The Finke River is the oldest river in the world and there are plans to make one of the restored buildings into a natural history museum devoted to this awesome waterway. Jennifer has seen it in full flood while I could only imagine what it might be like as I drove over it’s now dusty river bed. It would be a hundred meters across. A few hardy tall river gums are spaced it, gnarled and twisted by loss of branches in previous floods. 

There are serious moves afoot to build a a camping and accomodation area outside the town because as the town itself is “dry” alcohol cannot be served or consumed here. There will be a lot to do for any future visitor. One activity mooted is to walk out in the bush with the old ladies, as they gather bush tucker. I met a wonderful young woman who has turned her health around big time. She decided to live and play and eat, Aboriginal style. She spends her weekends walking in the bush with her mums, hunting for bush foods and meats, camping out in the desert with them, sharing stories and time together. There are enough older ones doing this sort of thing here that the prospects for strong transmission of culture to younger one will occur. I was impressed with the health of many people I saw, slim and strong and exuding warmth and confidence. 

I have thoroughly enjoyed my week at Finke. I have met some terrific Aboriginal people who are also artists and strongly cultural. A truly cheeky sense of humour. I renewed a friendship with Lana and Ross with whom I’d previously worked at Laramba. It’s always a pleasure to work with them. Nicole is an agency nurse who is moving north to work long term with her partner a German man called Nikko. He loves the bush and the desert as much as she does. There are some very competent and friendly Aboriginal guys working at Finke Clinic, including Stanley and Rodney. A great team!
My only concern with realising tourism here is the threat to everyone’s ( including locals) safety from unrestrained dogs. They can move freely around and even a long stick won’t discourage them. I had real problems walking even a tiny distance from the clinic but felt very safe walking kilometres in the early predawn along the roads directly out of town. Tourism will require some changes be made to the freedoms the locals now have. Look, Finke is a great place to visit in a car but the danger from dogs mean I could never live there long term. Walking around is the way to meet and talk to people and it would be a shame if it cannot happen with confidence about ones personal safety.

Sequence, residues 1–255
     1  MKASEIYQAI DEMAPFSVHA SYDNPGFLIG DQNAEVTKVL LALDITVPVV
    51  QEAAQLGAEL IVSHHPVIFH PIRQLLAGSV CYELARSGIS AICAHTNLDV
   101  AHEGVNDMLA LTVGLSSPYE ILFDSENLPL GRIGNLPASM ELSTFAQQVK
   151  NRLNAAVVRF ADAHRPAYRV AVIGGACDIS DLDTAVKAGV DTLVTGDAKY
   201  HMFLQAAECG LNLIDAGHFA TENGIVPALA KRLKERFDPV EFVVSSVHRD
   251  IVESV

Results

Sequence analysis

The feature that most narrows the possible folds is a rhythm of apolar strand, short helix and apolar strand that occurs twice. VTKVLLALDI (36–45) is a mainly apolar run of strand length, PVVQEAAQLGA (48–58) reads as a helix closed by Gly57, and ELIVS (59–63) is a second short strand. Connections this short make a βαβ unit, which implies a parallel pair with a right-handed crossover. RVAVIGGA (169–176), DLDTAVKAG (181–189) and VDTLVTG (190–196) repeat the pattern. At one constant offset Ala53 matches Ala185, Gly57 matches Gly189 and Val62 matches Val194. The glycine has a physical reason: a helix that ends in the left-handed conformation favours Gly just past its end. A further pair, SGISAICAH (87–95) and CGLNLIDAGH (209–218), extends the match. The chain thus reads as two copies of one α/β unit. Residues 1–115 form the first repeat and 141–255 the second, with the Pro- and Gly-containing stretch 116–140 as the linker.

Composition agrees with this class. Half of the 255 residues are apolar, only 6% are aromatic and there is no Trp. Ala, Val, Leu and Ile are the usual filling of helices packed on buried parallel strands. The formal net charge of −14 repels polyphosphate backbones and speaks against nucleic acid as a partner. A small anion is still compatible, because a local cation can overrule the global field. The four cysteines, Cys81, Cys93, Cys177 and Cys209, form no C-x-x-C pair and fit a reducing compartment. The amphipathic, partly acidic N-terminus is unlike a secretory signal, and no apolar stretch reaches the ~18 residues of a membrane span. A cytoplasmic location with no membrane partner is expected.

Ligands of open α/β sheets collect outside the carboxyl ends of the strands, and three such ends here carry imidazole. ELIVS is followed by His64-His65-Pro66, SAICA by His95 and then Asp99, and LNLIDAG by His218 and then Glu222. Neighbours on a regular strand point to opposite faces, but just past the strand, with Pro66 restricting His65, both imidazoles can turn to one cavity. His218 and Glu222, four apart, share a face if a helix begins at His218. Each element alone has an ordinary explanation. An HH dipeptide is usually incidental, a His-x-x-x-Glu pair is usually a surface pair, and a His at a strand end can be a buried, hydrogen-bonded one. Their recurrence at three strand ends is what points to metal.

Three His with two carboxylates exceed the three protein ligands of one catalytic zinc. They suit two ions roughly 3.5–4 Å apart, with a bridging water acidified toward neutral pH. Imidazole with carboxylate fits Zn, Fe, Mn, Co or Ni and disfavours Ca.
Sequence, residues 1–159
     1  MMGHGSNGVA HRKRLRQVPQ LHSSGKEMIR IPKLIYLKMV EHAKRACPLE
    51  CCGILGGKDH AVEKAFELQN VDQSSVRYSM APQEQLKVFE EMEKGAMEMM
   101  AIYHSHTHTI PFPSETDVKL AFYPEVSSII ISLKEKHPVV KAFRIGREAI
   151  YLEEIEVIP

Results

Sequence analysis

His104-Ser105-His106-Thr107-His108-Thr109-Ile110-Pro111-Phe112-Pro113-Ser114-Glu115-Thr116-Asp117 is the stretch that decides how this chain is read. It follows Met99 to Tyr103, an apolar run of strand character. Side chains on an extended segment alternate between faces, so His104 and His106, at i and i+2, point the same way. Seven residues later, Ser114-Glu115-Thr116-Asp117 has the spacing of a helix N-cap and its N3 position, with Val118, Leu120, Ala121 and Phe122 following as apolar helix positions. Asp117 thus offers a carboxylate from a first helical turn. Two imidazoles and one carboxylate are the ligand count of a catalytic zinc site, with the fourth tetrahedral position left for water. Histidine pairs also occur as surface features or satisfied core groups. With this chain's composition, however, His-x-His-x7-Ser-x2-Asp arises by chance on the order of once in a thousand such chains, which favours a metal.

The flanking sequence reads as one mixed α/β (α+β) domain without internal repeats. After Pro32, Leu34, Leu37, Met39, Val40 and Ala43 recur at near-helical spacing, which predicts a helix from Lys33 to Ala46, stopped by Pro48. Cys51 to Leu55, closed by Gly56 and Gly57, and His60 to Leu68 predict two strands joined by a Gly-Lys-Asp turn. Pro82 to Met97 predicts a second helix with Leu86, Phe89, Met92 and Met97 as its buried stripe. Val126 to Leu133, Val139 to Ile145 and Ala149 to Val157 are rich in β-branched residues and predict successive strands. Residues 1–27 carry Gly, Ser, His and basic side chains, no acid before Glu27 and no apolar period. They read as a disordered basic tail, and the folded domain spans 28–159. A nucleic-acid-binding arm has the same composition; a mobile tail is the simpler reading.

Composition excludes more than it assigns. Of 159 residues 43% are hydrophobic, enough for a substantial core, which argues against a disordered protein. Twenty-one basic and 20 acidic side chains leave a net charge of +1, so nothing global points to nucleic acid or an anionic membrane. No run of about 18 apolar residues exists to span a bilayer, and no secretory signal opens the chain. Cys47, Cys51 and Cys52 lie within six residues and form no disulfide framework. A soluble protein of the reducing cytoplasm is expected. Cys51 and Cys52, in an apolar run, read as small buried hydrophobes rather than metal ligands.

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Central australia, Travel

Central Australia Road Trip number 8 Larapinta Highlights with World Expeditions

I am sitting in a camp chair beside the campfire, the immense octagonal tent that provides shelter and a place for lounging about and meals is behind me. This camp is the second one used on this Larapinta walk, it’s called Charlie’s camp after one of the first guides. But I should begin at the beginning.
On Wednesday morning we were collected at our overnight accommodation, Doubletree in Alice Springs bright and early at 7:30 am. There are sixteen walkers, and all of us have elected for the highlights version of the famous Larapinta trail. The full walk takes anything from twelve to sixteen days, and walkers have to be very well organised with food drops and equipment. We met two walkers, young men who had been walking for eight days or seven, they weren’t sure. Our little packs looked very diminutive beside their solar panel laden multi day packs, the road trains of the Larapinta trail. 

We grouped at Telegraph station on the outskirts of Alice Springs, made introductions. The walkers are from age fifty to sixty and all of them have done many interesting adventures both here and overseas. We were dressed in warm gear because of the cold. Little did we know, that it was going to get a lot colder. We skirted the old station, and commenced the first section of the trail. Cloudy, cool, mild fresh breeze and perfect weather for walking. A frizzle threatened, and over the day it grew into a drizzle, and finally rain overnight. Today, we aimed to complete the walk to Wallaby Gap. We travelled past Charles River, under the Stuart highway, then up along ridges of the ranges. The fall to the left is precipitate, a three hundred meter drop, with wonderful views of the Pattuca range to the south beyond the spinifex and mulga plains. There are many opportunities to see the orange cliffs.